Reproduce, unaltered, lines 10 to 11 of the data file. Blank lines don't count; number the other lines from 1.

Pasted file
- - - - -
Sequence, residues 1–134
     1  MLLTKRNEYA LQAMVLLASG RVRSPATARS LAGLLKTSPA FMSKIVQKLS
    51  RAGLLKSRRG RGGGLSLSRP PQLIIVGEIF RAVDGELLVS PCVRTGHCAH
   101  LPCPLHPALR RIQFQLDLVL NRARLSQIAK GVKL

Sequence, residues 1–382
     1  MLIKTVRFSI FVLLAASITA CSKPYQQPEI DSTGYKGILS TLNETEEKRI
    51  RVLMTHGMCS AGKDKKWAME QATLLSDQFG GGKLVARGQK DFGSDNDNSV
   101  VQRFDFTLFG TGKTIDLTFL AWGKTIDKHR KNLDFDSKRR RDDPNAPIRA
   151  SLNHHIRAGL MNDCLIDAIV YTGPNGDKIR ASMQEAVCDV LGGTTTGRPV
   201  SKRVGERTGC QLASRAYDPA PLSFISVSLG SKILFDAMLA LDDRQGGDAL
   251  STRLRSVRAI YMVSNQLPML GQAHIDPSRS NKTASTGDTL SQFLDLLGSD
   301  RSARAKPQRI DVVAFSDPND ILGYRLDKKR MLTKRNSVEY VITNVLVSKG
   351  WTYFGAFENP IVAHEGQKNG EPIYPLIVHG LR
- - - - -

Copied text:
   201  SKRVGERTGC QLASRAYDPA PLSFISVSLG SKILFDAMLA LDDRQGGDAL
   251  STRLRSVRAI YMVSNQLPML GQAHIDPSRS NKTASTGDTL SQFLDLLGSD